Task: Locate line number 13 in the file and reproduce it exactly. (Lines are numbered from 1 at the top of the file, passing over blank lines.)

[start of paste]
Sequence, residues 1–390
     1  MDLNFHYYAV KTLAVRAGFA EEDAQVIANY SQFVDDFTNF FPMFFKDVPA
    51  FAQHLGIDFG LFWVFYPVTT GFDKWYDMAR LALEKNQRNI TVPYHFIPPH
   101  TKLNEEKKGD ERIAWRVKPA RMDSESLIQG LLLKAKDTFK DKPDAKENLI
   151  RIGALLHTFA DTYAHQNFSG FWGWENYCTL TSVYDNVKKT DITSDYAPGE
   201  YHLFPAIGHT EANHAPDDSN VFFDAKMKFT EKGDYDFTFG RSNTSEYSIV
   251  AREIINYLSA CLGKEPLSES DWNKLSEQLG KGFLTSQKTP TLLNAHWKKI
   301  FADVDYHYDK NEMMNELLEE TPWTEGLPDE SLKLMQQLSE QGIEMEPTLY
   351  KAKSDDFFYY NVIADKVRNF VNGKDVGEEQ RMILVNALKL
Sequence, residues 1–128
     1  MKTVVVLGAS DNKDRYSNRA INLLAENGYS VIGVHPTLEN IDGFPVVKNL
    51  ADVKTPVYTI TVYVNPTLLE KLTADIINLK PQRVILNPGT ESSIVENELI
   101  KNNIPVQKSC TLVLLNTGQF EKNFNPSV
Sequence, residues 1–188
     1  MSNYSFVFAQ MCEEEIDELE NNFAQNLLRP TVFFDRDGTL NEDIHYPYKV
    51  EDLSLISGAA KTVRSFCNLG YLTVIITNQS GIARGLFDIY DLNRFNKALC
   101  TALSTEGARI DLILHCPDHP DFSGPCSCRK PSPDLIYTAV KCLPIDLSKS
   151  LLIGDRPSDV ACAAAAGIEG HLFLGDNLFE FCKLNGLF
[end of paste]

   101  KNNIPVQKSC TLVLLNTGQF EKNFNPSV